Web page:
Here's a wine that typifies (personifies?) the modern style of 'international' red wine. It's simply called Colome, and its claim to fame is that it is made from grapes from the world's highest-altitude vineyards.
The vineyards of Bodega Colome are planted with Malbec, Cabernet Sauvignon and Tannat, and are organically farmed. They are at an altitude of 2200 to 3015 metres (this latter figure is stunning - that's around 10 000 feet, and if you've ever walked around at this altitude it's striking how short of breath you become). The winery is part of the Hess group, which has interests around the world (including Glen Carlou in South Africa).
Modern, international-styled this may be, but it's done pretty well. The result is a seductive wine that reminds me in terms of personality of Clos de Los Siete. Here's my note.
Colome 2004 Valle Calchaqui, Salta, Argentina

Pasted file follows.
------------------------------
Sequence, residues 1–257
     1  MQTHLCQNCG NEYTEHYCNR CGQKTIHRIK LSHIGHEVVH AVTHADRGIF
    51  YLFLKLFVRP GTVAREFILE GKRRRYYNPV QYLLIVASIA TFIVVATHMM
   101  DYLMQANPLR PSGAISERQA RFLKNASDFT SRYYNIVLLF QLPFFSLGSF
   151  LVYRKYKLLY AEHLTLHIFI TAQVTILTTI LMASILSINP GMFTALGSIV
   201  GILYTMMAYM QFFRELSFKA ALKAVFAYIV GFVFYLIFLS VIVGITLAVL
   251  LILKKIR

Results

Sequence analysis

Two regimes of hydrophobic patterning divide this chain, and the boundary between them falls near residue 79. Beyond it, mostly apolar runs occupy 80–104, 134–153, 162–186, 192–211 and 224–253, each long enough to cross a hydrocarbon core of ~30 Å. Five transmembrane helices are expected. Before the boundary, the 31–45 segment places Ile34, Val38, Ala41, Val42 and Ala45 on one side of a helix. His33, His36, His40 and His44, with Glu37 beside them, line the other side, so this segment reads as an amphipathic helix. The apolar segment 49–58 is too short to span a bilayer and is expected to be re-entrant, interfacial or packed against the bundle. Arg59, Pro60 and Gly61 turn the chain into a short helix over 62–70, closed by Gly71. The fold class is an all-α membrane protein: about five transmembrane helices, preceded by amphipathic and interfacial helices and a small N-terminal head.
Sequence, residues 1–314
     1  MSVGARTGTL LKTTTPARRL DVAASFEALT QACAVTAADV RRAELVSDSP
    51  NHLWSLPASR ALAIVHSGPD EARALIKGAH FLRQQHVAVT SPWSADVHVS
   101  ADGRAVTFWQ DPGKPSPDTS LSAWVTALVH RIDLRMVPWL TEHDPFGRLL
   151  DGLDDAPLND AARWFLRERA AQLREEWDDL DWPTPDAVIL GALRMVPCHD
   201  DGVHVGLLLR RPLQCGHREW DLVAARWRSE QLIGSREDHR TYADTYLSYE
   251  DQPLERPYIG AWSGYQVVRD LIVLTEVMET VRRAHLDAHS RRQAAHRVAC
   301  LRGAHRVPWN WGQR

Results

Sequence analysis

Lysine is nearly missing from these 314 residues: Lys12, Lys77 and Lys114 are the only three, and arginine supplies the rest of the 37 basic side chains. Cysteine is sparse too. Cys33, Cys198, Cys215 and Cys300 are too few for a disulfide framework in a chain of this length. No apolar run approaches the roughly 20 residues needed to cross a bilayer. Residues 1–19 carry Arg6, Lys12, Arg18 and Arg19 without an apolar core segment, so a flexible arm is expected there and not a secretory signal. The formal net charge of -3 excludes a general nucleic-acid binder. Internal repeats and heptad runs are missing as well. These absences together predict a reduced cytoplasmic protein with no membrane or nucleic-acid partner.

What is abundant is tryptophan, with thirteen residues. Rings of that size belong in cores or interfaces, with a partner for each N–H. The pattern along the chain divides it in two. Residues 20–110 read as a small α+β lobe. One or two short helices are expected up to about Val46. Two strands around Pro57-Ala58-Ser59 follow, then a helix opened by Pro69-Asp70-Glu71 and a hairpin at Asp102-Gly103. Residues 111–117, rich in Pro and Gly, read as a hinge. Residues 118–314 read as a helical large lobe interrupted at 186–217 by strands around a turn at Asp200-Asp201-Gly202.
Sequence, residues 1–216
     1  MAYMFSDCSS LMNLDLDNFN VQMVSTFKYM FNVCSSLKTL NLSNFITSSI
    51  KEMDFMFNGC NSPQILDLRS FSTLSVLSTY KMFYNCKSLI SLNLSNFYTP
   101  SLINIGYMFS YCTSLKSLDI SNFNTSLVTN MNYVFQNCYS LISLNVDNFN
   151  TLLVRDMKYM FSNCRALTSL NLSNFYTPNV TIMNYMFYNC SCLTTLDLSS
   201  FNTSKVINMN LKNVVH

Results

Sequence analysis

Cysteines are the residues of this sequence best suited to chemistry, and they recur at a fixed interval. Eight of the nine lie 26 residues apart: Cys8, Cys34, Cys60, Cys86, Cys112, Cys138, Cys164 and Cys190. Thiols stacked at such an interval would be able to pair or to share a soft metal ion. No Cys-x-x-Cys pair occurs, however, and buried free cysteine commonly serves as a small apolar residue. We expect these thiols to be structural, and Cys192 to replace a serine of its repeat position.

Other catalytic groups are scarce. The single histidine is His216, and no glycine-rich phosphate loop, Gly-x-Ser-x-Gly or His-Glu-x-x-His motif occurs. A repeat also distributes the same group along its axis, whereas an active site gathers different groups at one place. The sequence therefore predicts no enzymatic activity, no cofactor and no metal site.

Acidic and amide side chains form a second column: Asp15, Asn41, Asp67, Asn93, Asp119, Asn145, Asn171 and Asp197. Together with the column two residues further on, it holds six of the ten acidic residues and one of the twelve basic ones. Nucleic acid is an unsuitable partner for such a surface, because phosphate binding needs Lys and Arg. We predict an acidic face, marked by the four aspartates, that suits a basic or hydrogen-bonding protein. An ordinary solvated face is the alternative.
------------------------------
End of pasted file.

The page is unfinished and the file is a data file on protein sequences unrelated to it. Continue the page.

This is a striking, modern styled wine that's quite forward and seductive, while at the same time retaining balance. A deep colour, it has a beguiling, sweet, pure nose of blackberry jam with some fresh raspberries in the mix, accompanied by a hint of vanilla oak. The palate shows quite elegant pure fruit, sweet yet not mushy and over-ripe. There's some spicy tannin, and the only negative is the high alcohol (14.5%), which makes its presence felt. Clearly new world in style, and fruit-driven, but pretty classy in this seductive mould. Wines like this will have Chile worried, I reckon. If you are in the mood for it, this is thoroughly delicious, but traditionalists beware! Very good/excellent 91 (£12.99 Oddbins)